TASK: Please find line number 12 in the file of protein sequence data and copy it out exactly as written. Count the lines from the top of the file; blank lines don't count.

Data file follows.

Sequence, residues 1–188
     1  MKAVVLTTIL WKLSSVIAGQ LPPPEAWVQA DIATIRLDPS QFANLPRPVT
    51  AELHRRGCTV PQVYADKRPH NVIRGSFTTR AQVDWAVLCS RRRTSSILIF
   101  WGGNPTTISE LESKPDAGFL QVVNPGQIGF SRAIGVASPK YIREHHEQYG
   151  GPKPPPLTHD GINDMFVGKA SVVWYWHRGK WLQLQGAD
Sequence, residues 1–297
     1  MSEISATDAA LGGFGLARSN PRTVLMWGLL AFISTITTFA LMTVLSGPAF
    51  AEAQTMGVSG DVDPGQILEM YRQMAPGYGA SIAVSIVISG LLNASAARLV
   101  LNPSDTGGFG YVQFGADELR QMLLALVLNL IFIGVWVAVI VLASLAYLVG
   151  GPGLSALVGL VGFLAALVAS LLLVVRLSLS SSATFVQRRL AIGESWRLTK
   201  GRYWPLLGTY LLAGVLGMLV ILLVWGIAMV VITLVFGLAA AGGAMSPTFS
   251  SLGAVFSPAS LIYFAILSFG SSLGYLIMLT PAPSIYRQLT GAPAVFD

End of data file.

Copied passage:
   251  SLGAVFSPAS LIYFAILSFG SSLGYLIMLT PAPSIYRQLT GAPAVFD